94. Terlecky, S.R.; Terlecky, L.J.; Giordano, C.R. Peroxisomes, oxidative stress, and inflammation. World J. Biol. Chem. 2012, 3, 93–97. [Google Scholar] [CrossRef] [PubMed]
  95. Ivashchenko, O.; Van Veldhoven, P.P.; Brees, C.; Ho, Y.S.; Terlecky, S.R.; Fransen, M. Intraperoxisomal redox balance in mammalian cells: Oxidative stress and interorganellar cross-talk. Mol. Biol. Cell 2011, 22, 1440–1451. [Google Scholar] [CrossRef] [PubMed]
  96. Hwang, I.; Lee, J.; Huh, J.Y.; Park, J.; Lee, H.B.; Ho, Y.S.; Ha, H. Catalase deficiency accelerates diabetic renal injury through peroxisomal dysfunction. Diabetes 2012, 61, 728–738. [Google Scholar] [CrossRef] [PubMed]
  97. Fabelo, N.; Martín, V.; Santpere, G.; Marín, R.; Torrent, L.; Ferrer, I.; Díaz, M. Severe alterations in lipid composition of frontal cortex lipid rafts from Parkinson’s disease and incidental Parkinson’s disease. Mol. Med. 2011, 17, 1107–1118. [Google Scholar] [CrossRef] [PubMed]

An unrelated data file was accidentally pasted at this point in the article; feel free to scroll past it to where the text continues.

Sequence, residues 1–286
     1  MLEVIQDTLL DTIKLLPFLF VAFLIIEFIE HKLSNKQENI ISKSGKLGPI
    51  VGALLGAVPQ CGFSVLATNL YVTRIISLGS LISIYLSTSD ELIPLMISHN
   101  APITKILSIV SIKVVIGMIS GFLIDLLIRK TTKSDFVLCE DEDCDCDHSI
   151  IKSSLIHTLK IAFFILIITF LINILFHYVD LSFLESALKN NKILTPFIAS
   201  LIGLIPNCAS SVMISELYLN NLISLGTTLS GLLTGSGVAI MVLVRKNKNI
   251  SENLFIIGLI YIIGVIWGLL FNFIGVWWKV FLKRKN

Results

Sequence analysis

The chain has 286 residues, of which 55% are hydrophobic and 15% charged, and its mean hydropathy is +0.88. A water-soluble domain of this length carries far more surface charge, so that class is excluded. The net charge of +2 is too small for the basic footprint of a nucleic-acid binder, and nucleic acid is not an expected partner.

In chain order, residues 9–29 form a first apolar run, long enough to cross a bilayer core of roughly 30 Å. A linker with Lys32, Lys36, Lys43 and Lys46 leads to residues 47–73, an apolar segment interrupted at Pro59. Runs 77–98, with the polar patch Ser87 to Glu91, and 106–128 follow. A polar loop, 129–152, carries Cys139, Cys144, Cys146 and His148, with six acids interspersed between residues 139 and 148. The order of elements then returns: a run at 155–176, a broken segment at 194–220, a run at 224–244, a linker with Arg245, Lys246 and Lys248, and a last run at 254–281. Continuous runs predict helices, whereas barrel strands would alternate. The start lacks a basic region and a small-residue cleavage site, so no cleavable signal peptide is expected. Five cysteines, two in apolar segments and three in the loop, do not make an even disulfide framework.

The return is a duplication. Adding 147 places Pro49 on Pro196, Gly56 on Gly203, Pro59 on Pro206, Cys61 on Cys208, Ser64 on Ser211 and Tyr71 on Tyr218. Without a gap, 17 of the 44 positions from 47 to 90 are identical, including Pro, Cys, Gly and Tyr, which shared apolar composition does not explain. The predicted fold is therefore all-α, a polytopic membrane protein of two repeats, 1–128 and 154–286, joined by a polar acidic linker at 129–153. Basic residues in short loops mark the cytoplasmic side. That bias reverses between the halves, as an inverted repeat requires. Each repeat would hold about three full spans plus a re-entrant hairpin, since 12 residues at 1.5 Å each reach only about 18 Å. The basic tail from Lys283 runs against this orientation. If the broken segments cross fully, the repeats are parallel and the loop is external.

98. Kou, J.; Kovacs, G.G.; Höftberger, R.; Kulik, W.; Brodde, A.; Forss-Petter, S.; Hönigschnabl, S.; Gleiss, A.; Brügger, B.; Wanders, R.; et al. Peroxisomal alterations in Alzheimer’s disease. Acta Neuropathol. 2011, 122, 271–283. [Google Scholar] [CrossRef] [PubMed][Green Version]
  99. Combs, C.K.; Johnson, D.E.; Karlo, J.C.; Cannady, S.B.; Landreth, G.E. Inflammatory mechanisms in Alzheimer’s disease: Inhibition of beta-amyloid-stimulated proinflammatory responses and neurotoxicity by PPARgamma agonists. J. Neurosci. 2000, 20, 558–567. [Google Scholar] [CrossRef] [PubMed]
  100. Benedetti, E.; Cristiano, L.; Antonosante, A.; d’Angelo, M.; D’Angelo, B.; Selli, S.; Castelli, V.; Ippoliti, R.; Giordano, A.; Cimini, A. PPARs in Neurodegenerative and Neuroinflammatory Pathways. Curr. Alzheimer Res. 2018, 15, 336–344. [Google Scholar] [CrossRef] [PubMed]
  101. Searcy, J.L.; Phelps, J.T.; Pancani, T.; Kadish, I.; Popovic, J.; Anderson, K.L.; Beckett, T.L.; Murphy, M.P.; Chen, K.C.; Blalock, E.M.; et al. Long-term pioglitazone treatment improves learning and attenuates pathological markers in a mouse model of Alzheimer’s disease. J. Alzheimers Dis. 2012, 30, 943–961. [Google Scholar] [CrossRef] [PubMed]